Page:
Opinion: Ga. voting processes should be both secure and usable
Posted March 13, 2021
External Article: Atlanta Journal-Constitution
Michael Best, professor in the Sam Nunn School of International Affairs and the School of Interactive Computing, co-authored the opinion piece "Ga. voting processes should be both secure and usable," published March 13, 2021 in the Atlanta Journal-Constitution.
Best, along with Ellen Zegura and Richard DeMillo of the College of Computing, shared results of the research they undertook on the accessibility of voting locations, which was partly spurred by dissatisfaction in the wake of June 2020's primary elections. One key point of the findings was the highly levels of voter satisfaction regarding the use of stadiums as voting locations.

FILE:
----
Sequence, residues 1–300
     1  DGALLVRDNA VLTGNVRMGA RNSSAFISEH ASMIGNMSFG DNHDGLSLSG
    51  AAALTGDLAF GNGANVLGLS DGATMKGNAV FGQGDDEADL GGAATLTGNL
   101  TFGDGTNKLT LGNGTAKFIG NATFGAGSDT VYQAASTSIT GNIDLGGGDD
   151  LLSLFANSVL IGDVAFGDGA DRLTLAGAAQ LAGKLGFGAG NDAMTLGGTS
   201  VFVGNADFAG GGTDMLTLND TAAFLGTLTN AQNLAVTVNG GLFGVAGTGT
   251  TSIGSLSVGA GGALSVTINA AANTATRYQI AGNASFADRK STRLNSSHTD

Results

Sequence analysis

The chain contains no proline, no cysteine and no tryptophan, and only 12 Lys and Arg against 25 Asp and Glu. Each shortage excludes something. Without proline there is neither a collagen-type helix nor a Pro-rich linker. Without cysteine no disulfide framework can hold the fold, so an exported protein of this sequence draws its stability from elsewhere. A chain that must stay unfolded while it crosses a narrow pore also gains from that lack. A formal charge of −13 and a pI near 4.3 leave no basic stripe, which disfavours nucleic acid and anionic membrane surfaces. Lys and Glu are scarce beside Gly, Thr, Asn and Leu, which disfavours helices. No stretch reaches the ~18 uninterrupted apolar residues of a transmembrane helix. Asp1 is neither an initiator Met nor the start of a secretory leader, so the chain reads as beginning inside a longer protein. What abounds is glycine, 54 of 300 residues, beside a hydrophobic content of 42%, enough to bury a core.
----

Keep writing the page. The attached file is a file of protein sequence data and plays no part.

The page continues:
State Farm Arena claims to be the nation’s first stadium to offer itself as a polling location, though many other arenas across the nation followed suit. All of us should be proud of the way our professional sports teams stepped up. The organizations that operate sports arenas are filled with professionals focused on customer experience and usability. So, should sporting arenas continue to serve as large-scale early voting locations? Maybe. After all, stadia often are built with considerable public support and taxpayer investment and offering themselves as polling places is a great way for them to give back to their communities.
The usability concepts that are common in stadia can also be applied to our more-typical polling locations, such as churches, libraries, and schools. More user-friendly election systems don’t require sporting venues. Instead, what is required is an investment in useful, efficient, easy, and pleasant voting experiences. This investment will only happen with broad political support.